It would be difficult to find a more striking picture of Christian love at work than in a congregation in Rome in the third century. In that church, seven deacons had been appointed to implement the ministry of care for those in need. Saint Laurence was the leader of this group. When the pagan prefect of Rome heard rumors that the church was receiving generous offerings, he ordered Laurence to produce “the treasures of the church.” Laurence promised to have them assembled together in three days, at which time he showed them to the prefect. What he had gathered together were the poor, the sick, the widows, and the orphans who were supported by the ministry and offerings of the congregation. These, not gold and silver, buildings and coins, were presented as the “treasures of the church.” The prefect was so enraged by this that he ordered Laurence executed as punishment for embarrassing him.
Unfortunately, today it would be unusual to find a congregation which finds its treasure to be in the people whom it serves. Today, if asked to present the treasures of the church, it would be the beautiful buildings, grand organs, valuable property, a large budget or a sizable endowment that would be presented. Yet, what ought to be treasured most is the love that is shown to one another and those in need. For how will people know the followers of Christ? Not by the denominational label of a church or by a baptismal certificate. The followers of Jesus will be known by the love of Christ which flows from them and touches the lives of others.
The command or invitation to love is the foundation of Jesus’ teaching. For, love is not just what Christians are to do, it is who God is. Love is not just an ethical or humanitarian activity; it is the way of making God present in the world today. If loving and not loving were a choice that was entirely up to us, we might decide for a path of least resistance and opt for not loving. Love is hard work and it’s not always fun. Just ask the mother of a colicky baby, or the child of a parent with Alzheimer’s disease.
In the wake of the “Hallmark card” trivialization of love, we should remember Dorothy Day’s challenging words, “love is a harsh and dreadful thing.” We may try to reduce and restrict love to a sentimental feeling and gushy twinges in the stomach. We can try to contain it by attempting to make it a little more than some customary and expected words. But, the love to which Jesus is calling us is quite adult, demanding and sacrificial. It is a love grounded in God’s faithfulness.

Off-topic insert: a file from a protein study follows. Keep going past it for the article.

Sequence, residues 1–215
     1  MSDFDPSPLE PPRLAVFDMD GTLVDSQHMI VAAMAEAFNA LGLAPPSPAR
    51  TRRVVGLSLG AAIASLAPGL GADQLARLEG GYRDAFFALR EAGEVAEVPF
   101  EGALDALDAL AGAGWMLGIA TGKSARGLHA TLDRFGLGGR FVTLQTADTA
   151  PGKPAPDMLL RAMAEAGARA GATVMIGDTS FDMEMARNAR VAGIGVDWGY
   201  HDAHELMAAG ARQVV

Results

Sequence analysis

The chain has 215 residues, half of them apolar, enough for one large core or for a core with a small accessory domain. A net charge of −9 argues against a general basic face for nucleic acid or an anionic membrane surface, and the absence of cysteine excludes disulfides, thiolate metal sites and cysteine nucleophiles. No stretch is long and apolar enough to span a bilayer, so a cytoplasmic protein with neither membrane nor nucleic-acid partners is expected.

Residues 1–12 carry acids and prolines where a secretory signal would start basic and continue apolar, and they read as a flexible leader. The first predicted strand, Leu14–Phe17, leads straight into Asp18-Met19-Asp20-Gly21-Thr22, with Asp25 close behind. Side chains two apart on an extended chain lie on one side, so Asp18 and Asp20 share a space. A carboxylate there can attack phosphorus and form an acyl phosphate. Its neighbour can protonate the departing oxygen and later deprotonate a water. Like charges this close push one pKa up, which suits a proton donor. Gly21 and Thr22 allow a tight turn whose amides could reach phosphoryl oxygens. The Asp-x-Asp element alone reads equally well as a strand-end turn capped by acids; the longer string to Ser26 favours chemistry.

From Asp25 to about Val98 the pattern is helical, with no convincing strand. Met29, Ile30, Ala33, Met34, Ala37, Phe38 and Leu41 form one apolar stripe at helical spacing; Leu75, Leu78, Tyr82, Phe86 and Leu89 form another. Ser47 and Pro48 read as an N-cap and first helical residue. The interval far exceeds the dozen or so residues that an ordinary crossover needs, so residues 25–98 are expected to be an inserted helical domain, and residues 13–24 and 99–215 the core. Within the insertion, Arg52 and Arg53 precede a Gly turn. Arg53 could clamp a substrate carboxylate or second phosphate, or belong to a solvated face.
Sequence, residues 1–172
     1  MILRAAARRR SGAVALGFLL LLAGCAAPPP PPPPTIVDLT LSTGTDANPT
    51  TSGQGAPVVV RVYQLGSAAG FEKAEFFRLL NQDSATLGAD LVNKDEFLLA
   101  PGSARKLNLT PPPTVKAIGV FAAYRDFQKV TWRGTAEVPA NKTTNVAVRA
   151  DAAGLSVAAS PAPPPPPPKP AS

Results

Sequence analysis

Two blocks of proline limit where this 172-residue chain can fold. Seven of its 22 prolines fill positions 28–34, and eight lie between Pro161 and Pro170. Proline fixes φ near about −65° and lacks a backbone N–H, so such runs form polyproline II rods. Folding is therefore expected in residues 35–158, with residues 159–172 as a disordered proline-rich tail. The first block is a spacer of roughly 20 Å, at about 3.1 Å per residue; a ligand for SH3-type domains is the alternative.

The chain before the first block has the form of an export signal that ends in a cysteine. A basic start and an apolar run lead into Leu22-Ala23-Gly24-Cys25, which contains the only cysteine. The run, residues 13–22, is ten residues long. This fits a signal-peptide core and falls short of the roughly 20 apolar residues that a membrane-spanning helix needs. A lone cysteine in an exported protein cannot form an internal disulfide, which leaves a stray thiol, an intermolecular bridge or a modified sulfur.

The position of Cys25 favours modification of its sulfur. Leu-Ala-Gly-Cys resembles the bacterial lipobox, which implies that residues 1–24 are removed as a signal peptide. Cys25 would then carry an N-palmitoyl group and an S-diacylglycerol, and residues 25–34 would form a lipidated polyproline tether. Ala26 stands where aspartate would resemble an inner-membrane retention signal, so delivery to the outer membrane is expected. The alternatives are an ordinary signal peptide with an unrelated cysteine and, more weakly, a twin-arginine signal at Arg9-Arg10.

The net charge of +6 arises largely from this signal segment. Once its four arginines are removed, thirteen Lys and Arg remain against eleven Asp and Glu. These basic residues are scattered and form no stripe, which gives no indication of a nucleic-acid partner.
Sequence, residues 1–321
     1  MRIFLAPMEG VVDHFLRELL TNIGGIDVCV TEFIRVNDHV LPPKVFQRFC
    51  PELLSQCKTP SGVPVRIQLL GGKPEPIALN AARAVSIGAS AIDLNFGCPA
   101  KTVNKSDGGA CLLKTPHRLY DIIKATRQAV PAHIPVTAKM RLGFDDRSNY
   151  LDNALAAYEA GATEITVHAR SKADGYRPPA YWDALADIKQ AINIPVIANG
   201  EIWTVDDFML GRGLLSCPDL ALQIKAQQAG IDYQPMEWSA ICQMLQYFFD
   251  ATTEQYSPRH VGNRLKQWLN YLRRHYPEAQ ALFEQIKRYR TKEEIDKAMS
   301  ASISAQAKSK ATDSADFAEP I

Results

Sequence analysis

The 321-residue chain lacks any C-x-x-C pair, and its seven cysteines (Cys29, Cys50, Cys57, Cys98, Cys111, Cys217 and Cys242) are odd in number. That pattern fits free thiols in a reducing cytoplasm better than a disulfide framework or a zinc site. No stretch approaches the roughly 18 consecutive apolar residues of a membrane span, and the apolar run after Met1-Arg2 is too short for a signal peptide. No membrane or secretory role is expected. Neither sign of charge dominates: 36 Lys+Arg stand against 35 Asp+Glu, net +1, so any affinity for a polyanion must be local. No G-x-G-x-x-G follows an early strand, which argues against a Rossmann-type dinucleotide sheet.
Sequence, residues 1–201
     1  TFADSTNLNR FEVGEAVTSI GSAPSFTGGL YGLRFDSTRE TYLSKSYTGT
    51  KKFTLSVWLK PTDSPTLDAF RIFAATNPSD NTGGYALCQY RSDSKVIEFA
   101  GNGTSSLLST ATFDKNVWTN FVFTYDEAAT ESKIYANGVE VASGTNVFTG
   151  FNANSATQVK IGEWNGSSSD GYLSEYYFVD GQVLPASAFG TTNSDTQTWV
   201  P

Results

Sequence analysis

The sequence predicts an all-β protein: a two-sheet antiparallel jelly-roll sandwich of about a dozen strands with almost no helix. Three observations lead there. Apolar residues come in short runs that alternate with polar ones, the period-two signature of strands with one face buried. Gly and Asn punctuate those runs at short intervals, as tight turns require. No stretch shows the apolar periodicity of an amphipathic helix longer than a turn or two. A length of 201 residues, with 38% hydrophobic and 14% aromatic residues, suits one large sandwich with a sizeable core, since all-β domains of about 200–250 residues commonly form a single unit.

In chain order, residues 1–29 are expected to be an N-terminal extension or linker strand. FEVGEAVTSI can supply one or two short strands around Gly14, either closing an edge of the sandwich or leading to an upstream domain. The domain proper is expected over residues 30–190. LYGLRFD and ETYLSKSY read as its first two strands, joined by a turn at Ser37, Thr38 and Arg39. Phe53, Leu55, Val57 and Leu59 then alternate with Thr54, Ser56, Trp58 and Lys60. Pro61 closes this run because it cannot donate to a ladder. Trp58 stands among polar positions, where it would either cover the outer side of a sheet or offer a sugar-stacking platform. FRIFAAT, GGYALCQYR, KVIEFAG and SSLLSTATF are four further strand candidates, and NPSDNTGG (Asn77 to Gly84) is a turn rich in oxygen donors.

To truly love one another means that we must be willing to take a risk. As Essex Hemphill writes, “to truly love another, we must be able to initiate, put ourselves out there, walk onto the ledge a bit, without all sorts of defenses.” When we love, we are willing to go forward, risking potential of loss.
As we consider what Jesus has done for us, we recognize and embrace the riches and depths of God’s love. We live confidently, assured that we have been blessed by a gift that we have neither earned nor deserved. It is from that love that we are given the power and the patience to love one another and to accept one another as God has loved and accepted us, warts and all, through his Son.
You know, the music icons of the ‘60s were right – all we need is love. All we need is the love that God has given us and continues to give us, a love and a peace that the world cannot give. Know, my friends, you are loved and let that love shine through you in Jesus’ name. And may the peace of God, which surpasses all human understanding, keep your hearts and your minds in Christ Jesus. Amen